Gandhi wrote in his Satyagraha in Africa (1928), that "he then went on solemnly to declare in the name of God that he would never submit to that law and advised all present to do likewise". Though Sheth Habib was known to be a man of temper, his action on Sept 11 was significant because of his decision to act in defiance of an unjust law and willingness to suffer the consequences in a spiritually-endowed fight for justice in the name of God.

Gandhi was taken aback by the Muslim's suggestion. He wrote, "I did not come to the meeting with a view to getting the resolution passed in that manner, which redounds to the credit of Sheth Haji Habib as well as it lays a burden of responsibility upon him. I tender my congratulations to him. I deeply appreciate his suggestion, but if you adopt it you too will share his responsibility."

On that day, Sept 11, 1906, in South Africa, the Indian non-violent movement was born. Gandhi later called his Indian movement "Satyagraha" or "the Force which is born of Truth and Love or non-violence".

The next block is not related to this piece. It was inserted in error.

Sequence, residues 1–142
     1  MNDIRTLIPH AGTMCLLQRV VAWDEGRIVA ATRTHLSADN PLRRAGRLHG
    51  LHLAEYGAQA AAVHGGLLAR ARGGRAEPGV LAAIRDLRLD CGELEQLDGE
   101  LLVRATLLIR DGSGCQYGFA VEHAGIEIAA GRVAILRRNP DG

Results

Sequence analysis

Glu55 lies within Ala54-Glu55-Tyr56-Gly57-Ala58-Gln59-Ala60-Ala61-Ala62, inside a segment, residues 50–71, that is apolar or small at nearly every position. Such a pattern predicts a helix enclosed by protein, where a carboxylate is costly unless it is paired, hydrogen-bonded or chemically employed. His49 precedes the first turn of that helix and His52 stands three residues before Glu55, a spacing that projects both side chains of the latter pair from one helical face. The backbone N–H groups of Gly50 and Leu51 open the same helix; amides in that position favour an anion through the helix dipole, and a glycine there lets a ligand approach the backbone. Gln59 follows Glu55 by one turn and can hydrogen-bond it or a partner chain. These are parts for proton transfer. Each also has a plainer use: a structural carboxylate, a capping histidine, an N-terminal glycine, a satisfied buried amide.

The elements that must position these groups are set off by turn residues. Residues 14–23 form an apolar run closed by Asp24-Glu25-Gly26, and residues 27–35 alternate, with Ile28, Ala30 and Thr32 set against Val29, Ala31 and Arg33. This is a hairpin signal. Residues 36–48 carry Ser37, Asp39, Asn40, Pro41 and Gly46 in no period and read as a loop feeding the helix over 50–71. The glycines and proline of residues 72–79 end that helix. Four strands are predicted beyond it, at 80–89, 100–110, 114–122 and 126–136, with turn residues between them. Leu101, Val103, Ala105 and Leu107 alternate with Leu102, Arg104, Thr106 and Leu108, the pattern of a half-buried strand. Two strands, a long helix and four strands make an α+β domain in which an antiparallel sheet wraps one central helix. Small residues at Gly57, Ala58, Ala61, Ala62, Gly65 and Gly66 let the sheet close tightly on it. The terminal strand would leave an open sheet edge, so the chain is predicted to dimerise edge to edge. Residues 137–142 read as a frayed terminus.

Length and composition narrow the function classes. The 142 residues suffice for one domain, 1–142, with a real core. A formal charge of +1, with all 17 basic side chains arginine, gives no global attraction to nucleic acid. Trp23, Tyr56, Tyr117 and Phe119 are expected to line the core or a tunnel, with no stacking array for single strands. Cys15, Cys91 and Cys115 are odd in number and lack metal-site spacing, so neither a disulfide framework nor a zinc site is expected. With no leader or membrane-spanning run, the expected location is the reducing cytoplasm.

This movement went on to free 300 million people from the power of the British Empire and gave the 20th century a most remarkable demonstration of the power of non-violent struggle.

But what does it mean 99 years later to "remember Sept 11, 1906"?

I would say that it means remembering that a non-violent alternative was born in the people's fight against injustice. It means remembering that for Gandhi, it is Truth Force that both binds people together and energises them in their course of struggle against the mighty empire. That is why invoking God as witness in this case reflects the degree to which a person is willing to sacrifice his/her all for "Truth" or God.

It also means remembering the Muslim role in fostering such an alternative at the advent of Satyagraha or Gandhi's non-violence.

Most importantly, perhaps, "remembering Sept 11, 1906" means that people could choose to reconstitute themselves as members of a community of memory where once ordinary people decided to do something extraordinary by freeing themselves from despair and change their world with non-violence.

Chaiwat Satha-Anand teaches at the Faculty of Political Science, Thammasat University. He is Vice President of the Strategic Nonviolence Committee, National Security Council, and a member of the National Reconciliation Commission.